Three good blog posts recently about games on Facebook.
Brian Green talks to a developer with two games, one casual and one hardcore, and based on that concludes that hardcore games do better:
I suspect the reason is because people still enjoy a good game, even if it has “hardcore” aspects like direct, zero-sum competition. Even though the party game was less confrontational, it probably didn’t include as many engaging elements as the first game. So, more people played and stuck with the game.
What he is really saying though seems to be that good games are better than bad games. Matt Mihaly checks the list of Facebook games with most daily users and finds that the top ten are all casual games, and notes that:
…good games on FB are as much about communication and/or self-expression as they are about gameplay.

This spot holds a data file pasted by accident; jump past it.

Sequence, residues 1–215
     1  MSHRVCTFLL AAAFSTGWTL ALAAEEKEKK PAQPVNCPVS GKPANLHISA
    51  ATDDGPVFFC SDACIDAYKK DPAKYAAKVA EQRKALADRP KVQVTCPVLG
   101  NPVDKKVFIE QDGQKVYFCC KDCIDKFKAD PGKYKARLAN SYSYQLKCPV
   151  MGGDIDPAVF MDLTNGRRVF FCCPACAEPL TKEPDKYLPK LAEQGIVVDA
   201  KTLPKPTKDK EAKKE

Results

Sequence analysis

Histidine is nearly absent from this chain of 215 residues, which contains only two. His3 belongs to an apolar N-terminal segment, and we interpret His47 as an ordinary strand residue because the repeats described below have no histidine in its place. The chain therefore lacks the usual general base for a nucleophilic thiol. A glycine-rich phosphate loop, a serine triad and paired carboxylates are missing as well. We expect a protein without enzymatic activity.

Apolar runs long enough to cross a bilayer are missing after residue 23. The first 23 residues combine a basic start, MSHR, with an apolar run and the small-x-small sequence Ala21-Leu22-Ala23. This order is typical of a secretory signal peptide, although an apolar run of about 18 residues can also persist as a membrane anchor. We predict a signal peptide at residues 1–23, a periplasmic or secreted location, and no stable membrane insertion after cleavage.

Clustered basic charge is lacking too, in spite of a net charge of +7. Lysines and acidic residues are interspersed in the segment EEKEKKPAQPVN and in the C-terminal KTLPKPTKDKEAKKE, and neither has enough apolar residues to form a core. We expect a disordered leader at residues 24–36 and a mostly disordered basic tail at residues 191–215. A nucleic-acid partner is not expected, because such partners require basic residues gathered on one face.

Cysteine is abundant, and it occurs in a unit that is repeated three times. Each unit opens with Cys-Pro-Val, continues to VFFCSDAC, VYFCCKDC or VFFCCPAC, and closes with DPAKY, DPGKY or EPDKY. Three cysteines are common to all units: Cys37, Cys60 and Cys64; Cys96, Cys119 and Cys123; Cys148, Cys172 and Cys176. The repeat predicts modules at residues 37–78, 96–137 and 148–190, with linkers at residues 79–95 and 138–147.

I completely agree. As Matt notes in his post, there have been two paths to success for Facebook games. One has been to build lightweight “proto-games” that spread virally on the back of self expression or communicaiton. The other has been to build true games with complex and engaging game dynamics. These games do not grow as rapidly, but they do draw much higher daily engagement rates.
Nabeel Hyatt extends the analysis to compare multiplayer games to singleplayer games on Facebook.
He finds that:
Multiplayer social games such as Warbook and Scrabulous average 11.4% active daily users, a good 30% higher than the average top Facebook app (8.01%). I’m sure if we could actually get engagement, attention, and retention metrics we’d see the same trend. This combined with the relatively high percentage of games represented in the top 25 applications (7 games) would suggest that there is simply a lack of quality, socially-focused games on Facebook.
I wholeheartedly agree with Matt and Nabeel. I think that over the next few months there will be a number of exciting social, multiplayer casual games with good gameplay dynamics built on Facebook and the other social networks as they open up. Teams comprising of experienced game designers and experienced social media/viral marketing experts will be best positioned to create these games. I am actively interested in hearing from such teams.